Not all our explorations were entirely benign. However, the inconvenience caused by a few people sneaking into the sewers, tunnels and construction sites of cities, even if a lock is picked or an alarm temporarily disabled, is negligible.

Ask the people who actually own the property and have to deal with the aftermath of your explorations if it's negligible. (Also, later he tells how they broke into a sterile biscuit factory - this is Britain, after all - despite knowing that if they were discovered, food safety regulations would require the factory to treat their unauthorized presence as contamination and stop production until a complete cleaning was done, costing the company much loss of time and money. He recounts this story with not a bit of glee and no remorse.)

on being interviewed: "I was worried given the questions they were asking, that they would try to paint us as vandals or make my research look like a waste of time and money."

Hey, you said it, not me.

Also of concern was the way the language of addiction was used to describe their experiences -

"the trade off, however, came at a high price. Once we realized what we could get away with, the adrenaline addiction became completely debilitating to every day life, and many in the group found themselves becoming increasing distanced from friends who did not explore."

"We were becoming more socially marginalized ..."


One interesting observation, after they did some exploration in the States (most notably Chicago):

We came to the conclusion that the UK is in many ways far more authoritarian and violent than the united states, it's just hidden behind a veneer of British reserve and a general willingness to accept the status quo.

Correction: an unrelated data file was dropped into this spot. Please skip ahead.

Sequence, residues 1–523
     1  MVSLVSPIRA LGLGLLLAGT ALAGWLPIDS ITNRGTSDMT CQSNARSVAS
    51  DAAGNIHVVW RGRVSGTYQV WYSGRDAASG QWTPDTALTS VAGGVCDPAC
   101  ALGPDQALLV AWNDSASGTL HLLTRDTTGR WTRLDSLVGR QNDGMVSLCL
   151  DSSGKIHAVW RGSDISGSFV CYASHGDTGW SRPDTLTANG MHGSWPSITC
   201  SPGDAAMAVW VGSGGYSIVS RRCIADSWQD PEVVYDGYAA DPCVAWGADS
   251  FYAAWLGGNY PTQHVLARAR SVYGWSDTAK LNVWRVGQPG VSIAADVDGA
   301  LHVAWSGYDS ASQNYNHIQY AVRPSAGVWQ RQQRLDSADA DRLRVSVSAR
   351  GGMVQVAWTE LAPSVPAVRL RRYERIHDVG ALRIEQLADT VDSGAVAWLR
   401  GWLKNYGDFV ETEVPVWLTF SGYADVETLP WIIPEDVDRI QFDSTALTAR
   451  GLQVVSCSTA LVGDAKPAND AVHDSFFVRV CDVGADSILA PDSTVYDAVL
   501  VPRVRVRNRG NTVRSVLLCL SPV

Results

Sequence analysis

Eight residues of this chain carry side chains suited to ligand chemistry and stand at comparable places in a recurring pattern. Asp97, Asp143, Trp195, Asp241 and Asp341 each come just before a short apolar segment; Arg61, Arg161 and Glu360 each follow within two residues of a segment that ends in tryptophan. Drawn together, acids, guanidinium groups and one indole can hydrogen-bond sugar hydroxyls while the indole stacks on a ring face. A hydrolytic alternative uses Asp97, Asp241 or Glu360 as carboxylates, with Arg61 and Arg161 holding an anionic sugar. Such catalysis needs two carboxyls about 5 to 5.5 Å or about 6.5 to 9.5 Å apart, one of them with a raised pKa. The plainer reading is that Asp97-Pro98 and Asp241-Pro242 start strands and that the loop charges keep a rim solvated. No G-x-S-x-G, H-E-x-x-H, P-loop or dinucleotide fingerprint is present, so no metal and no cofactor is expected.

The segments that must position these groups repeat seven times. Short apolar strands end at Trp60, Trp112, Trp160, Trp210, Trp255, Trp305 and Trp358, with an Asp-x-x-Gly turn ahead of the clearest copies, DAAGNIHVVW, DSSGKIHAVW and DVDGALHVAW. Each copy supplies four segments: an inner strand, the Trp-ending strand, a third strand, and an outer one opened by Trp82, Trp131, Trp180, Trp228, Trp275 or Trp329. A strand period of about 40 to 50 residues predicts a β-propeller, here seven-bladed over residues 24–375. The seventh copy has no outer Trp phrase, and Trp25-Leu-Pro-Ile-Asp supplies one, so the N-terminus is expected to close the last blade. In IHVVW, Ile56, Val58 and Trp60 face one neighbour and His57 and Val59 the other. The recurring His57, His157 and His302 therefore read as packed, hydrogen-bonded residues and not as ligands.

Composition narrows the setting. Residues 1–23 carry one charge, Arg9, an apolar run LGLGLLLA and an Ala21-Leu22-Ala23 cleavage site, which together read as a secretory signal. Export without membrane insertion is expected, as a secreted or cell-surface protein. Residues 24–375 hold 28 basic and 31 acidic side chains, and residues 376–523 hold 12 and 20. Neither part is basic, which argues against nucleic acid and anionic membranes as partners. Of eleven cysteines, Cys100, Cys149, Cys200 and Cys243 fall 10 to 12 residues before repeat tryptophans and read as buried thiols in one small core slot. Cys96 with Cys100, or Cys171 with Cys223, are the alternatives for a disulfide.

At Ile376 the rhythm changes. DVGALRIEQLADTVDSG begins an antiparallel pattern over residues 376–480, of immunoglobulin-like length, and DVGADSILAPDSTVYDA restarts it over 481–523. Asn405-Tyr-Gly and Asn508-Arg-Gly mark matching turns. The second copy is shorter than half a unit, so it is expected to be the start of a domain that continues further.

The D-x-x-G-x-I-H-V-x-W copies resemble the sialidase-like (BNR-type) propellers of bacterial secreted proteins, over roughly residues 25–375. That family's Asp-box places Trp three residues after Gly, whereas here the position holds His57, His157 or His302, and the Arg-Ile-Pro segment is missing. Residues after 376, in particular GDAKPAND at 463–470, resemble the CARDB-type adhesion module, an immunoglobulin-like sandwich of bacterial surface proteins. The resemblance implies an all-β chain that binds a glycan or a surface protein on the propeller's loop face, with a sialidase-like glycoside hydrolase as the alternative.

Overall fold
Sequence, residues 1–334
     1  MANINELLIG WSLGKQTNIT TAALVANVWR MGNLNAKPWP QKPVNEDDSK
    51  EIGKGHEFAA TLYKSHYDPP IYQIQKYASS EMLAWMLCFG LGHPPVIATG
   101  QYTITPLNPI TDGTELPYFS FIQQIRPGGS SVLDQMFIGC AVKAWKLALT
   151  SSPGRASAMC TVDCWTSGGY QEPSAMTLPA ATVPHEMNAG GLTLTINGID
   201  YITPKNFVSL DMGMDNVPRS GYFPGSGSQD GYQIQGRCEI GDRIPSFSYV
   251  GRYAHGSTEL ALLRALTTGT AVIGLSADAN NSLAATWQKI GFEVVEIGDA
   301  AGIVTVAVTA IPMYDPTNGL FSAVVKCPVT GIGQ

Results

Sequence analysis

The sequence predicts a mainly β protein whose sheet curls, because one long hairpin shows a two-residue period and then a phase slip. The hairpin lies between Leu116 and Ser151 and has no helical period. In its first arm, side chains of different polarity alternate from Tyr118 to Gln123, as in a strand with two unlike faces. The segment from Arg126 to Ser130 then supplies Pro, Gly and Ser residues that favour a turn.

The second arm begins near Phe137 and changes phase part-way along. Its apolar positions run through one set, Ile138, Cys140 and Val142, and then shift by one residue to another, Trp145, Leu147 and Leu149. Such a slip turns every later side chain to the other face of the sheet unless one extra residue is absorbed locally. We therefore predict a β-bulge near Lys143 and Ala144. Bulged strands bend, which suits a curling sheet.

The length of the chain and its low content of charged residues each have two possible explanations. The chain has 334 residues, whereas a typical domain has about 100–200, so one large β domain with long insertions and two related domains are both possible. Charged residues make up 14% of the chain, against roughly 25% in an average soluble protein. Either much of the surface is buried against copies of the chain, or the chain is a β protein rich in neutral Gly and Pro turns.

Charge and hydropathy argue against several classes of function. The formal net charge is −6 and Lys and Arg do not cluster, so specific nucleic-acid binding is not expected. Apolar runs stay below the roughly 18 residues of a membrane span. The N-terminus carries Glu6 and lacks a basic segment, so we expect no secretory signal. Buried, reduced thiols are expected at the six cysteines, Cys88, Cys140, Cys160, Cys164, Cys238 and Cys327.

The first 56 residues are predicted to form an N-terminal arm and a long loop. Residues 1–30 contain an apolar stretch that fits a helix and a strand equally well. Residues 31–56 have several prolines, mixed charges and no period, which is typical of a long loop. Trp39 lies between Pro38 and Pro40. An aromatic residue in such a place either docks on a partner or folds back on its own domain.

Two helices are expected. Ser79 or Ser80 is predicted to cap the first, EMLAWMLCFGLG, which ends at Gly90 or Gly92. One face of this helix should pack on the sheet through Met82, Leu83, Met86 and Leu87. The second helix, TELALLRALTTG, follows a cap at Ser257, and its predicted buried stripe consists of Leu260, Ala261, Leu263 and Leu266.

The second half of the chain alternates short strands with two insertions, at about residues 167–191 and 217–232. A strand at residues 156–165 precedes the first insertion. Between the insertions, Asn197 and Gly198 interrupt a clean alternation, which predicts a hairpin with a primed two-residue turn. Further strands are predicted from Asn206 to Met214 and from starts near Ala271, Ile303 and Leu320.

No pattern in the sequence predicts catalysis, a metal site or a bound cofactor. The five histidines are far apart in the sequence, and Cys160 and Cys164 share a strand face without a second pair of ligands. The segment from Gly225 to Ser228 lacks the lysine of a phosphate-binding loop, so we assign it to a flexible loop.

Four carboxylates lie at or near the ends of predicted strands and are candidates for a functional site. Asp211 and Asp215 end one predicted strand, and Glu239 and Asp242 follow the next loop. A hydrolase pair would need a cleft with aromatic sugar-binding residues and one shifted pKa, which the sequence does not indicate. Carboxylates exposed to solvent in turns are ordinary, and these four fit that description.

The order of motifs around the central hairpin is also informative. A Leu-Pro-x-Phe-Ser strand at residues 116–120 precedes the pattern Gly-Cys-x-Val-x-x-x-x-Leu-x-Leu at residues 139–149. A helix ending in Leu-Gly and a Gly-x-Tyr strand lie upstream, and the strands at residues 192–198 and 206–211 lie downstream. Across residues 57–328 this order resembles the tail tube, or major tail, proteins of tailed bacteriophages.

9. Minding the Manor, Mollie Moran

Highly recommended to fans of Below Stairs, Downton Abbey, or Upstairs, Downstairs. Mollie started as a scullery maid at age 14 and had managed, by her early twenties, to be the head chef for a large household. Although the dialect takes a bit of getting used to, it adds a lovely conversational tone to the book - you can just about imagine you're sitting across the tea table from her listening to her tell her stories.

10. Underground, David Maculay

What happens underground in cities - from buried electric cables to subway tunnels. Lavishly illustrated and just awesome in general.

11. Catching Fire, Suzanne Collins

Another reread; another audiobook.

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Comments

( 4 comments — Leave a comment )
brightly_woven
Apr. 2nd, 2014 02:28 am (UTC)
"The Sense & Sensibility Screenplay & diaries, Emma Thompson

Please can I just be Emma Thompson's friend? She is fabulous and witty and everything I want to be when I grow up."

Yes! This.

Did you ever see this: https://www.youtube.com/watch?v=Q5prYhXQtCk?


eattheolives
Apr. 6th, 2014 08:39 pm (UTC)
I read the text of her speech before I ever saw the clip. It was witty enough on paper, but then to see her actually deliver it - amazing!
spotzle
Apr. 2nd, 2014 04:44 am (UTC)
I love the Macaulay books!
chestnutcurls
Apr. 2nd, 2014 04:55 pm (UTC)
The exploration stuff is really interesting!
( 4 comments — Leave a comment )